Adrenocortical cancer: any hope? case reports
Zsuzsanna Valkusz1, Sándor Magony1, Éva Csajbók1, János Gardi1, Ildikó Kiss2 & János Julesz1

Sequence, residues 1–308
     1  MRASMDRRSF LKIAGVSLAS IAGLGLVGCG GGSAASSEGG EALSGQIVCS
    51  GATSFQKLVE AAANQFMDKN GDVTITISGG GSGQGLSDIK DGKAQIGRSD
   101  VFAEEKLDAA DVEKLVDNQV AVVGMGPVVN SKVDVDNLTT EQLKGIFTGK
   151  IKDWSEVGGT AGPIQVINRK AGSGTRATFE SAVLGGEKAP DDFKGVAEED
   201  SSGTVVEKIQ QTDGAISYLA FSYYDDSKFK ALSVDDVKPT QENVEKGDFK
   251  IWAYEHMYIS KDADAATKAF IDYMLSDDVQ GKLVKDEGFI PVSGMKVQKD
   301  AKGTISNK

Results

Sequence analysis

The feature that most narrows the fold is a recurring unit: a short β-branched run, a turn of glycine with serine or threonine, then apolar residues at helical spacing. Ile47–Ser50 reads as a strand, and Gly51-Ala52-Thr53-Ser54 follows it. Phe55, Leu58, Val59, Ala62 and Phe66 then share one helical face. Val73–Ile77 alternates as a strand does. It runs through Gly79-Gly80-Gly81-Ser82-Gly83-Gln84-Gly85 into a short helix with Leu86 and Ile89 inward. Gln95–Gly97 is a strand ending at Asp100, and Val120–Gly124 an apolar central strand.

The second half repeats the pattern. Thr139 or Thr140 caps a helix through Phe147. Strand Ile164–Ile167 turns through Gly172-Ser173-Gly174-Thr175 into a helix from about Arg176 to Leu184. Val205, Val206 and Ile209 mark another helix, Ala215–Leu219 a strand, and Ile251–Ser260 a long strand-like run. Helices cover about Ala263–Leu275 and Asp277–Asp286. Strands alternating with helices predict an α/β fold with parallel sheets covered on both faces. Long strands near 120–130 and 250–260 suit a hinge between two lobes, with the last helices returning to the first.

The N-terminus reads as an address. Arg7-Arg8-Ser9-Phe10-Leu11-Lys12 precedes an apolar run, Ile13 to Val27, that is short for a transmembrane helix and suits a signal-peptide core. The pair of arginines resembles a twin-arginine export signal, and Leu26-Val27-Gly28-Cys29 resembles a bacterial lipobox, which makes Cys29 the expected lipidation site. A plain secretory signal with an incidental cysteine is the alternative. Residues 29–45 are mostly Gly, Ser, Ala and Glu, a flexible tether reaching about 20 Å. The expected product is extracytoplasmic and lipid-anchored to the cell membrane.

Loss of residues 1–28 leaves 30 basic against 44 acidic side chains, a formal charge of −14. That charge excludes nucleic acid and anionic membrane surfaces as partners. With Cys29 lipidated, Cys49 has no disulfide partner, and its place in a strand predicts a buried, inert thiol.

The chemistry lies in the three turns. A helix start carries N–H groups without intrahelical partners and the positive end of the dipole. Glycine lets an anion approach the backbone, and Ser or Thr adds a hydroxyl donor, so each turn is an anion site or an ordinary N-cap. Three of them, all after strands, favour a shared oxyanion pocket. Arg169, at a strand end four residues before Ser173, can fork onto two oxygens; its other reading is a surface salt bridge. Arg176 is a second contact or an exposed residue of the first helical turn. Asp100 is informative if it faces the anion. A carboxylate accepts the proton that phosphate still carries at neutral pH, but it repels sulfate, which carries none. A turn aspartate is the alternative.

Adrenocortical cancer is a rare and heterogenous malignancy with incompletely understood pathogenesis and poor prognosis. Sometimes patients present with hormonal excess symptoms (e.g. virilization, Cushings syndrome) or local symptoms consistent with abdominal space-occupation (median tumor size at the time of diagnosis may be >10 cm). Three cases are presented to give an overview of how adrenocortical cancer is currently managed. Tumors typically appear inhomogenous on computed tomography or magnetic resonance imaging showing signs of necrosis, irregular borders and they differ from benign adenomas by their low fat content. Hormonal evaluations are important additives for the diagnosis. All patients with suspected adrenocortical carcinoma should be carefully evaluated for signs and symptoms of hormonal syndromes Prognosis depends on many factors. Complete surgical resection is the treatment of choice. Mitotane is given when surgery is not possible, after incomplete resection or in cases of metastatic disease. Chemotherapeutic combination is frequently used (etoposid, doxorubicin and cisplatin plus mitotane or streptozotocin plus mitotane). New treatments, such as insulin-like growth factor I receptor antibodies, tyrosine-kinase inhibitors and antiangiogenic compounds, are now being intensively investigated to find more effective therapies for this extremly severe malignant neoplasia.